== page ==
“He has worked hard behind the scenes this year in our simulator, playing a very important role in our pre-race preparations,” said Mercedes motorsport head Toto Wolff.
“Aside from Nico and Lewis, he is the driver most familiar with all the procedures of our F1 W05 Hybrid and therefore the right choice for the role of reserve driver.
“Pascal has a bright future ahead of him and we are excited to have him onboard for what will be an intense conclusion to the Formula One season,” added the Austrian.
Rosberg and Hamilton are in a duel of their own for the championship, with the German 22 points clear of the Briton with six races remaining.
(Reporting by Alan Baldwin, editing by Ossian Shine)
Scotland have named a full-strength squad for their tour of Australia and New Zealand later this month, as they ramp up preparations for next year’s Cricket World Cup.
National selectors on Monday announced a 16-man squad for the trip, which forms part of the team’s preparations for the 2015 World Cup, with the 26-year-old Preston Mommsen chosen to lead the side ahead of regular skipper Kyle Coetzer.
“Preston Mommsen is going to lead this team for this tour, while we will announce our World Cup captain when the squad is revealed,” head coach Grant Bradburn said.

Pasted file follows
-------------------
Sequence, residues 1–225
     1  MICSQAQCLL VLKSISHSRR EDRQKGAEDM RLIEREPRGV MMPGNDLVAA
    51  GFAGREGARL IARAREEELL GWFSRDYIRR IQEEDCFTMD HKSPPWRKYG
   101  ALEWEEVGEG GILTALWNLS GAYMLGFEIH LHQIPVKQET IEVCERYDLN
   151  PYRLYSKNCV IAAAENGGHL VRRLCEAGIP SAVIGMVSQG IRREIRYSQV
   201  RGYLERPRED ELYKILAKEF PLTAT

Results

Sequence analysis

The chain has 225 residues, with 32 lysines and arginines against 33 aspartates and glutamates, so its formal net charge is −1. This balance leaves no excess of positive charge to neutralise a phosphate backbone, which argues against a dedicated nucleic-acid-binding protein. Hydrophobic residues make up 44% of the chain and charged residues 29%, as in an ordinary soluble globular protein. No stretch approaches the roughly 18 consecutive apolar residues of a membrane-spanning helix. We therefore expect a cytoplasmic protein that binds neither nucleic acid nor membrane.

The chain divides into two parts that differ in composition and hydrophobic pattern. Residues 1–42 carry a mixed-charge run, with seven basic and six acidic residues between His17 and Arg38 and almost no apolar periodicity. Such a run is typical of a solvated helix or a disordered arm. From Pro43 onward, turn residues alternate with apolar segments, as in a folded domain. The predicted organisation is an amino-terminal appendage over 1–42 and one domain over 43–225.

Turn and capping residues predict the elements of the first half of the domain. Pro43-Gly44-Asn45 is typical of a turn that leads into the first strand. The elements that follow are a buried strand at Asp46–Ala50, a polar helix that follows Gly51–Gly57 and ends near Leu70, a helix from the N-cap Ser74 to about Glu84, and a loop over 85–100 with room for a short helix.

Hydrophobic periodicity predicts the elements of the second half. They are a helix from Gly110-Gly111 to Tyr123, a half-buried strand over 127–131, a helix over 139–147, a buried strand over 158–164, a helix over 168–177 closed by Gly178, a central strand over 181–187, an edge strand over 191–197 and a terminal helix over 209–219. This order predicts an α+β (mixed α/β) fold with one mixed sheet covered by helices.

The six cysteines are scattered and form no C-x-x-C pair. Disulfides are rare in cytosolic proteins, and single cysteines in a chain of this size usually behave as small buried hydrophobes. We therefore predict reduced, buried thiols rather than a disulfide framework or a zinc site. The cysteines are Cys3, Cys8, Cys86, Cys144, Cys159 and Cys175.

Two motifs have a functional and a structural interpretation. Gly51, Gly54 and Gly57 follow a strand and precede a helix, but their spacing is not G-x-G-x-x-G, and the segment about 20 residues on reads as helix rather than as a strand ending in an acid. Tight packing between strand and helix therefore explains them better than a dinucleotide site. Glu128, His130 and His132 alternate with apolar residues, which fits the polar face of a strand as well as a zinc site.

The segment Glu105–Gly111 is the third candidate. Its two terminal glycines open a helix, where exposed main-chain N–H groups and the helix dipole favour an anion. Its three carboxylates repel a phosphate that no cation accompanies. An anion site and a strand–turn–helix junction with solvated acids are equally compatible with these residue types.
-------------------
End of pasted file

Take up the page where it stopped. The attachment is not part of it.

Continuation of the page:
“We now have a number of potential leaders and players who are desperate and proud to lead their country.
“It is deemed a great honour to captain Scotland. Cricket-wise, however, it’s imperative that a captain can command with his performance.
“Preston Mommsen will captain on the back of the fact that he has thrived in recent times in this capacity and will lead the team on this tour.”
Mommsen played a pivotal part in ensuring Scotland reached the World Cup – scoring 520 runs in eight innings and claiming player of the tournament in the ICC qualifying event earlier this year.
Bradburn added that Coetzer remained a “valued and highly respected senior member of the side”, but said he wanted the 30-year-old to “focus on his own game without the additional responsibility that captaincy brings”.
Scotland face 50-over games against the Tasmanian Tigers and Queensland Academy of Sport XIs before heading to New Zealand to play a Kiwi invitational XI and three domestic first-class sides.
“It’s a great opportunity to get our full-strength squad together on a tour which helps us prepare for a huge World Cup ahead of us,” Bradburn said.
“This tour will allow us to have a good mix of game and training time.
“We have 15 games between now and the World Cup, and this initial tour allows us to work through our combinations and game plans.
“Strategically, we have chosen some quality training opportunities and opposition.
“It’s a chance to really improve on playing spin and quick pace – something we don’t get the opportunity to do as much as we would in our home conditions.”
The squad will depart on September 22 and return on October 24.